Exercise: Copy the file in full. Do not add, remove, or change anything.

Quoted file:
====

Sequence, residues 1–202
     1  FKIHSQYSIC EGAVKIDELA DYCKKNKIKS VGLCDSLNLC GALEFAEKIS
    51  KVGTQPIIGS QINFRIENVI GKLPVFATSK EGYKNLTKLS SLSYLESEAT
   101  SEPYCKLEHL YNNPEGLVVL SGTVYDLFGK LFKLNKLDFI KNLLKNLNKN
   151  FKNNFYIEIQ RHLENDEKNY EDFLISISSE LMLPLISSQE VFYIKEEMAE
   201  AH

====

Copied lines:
Sequence, residues 1–202
     1  FKIHSQYSIC EGAVKIDELA DYCKKNKIKS VGLCDSLNLC GALEFAEKIS
    51  KVGTQPIIGS QINFRIENVI GKLPVFATSK EGYKNLTKLS SLSYLESEAT
   101  SEPYCKLEHL YNNPEGLVVL SGTVYDLFGK LFKLNKLDFI KNLLKNLNKN
   151  FKNNFYIEIQ RHLENDEKNY EDFLISISSE LMLPLISSQE VFYIKEEMAE
   201  AH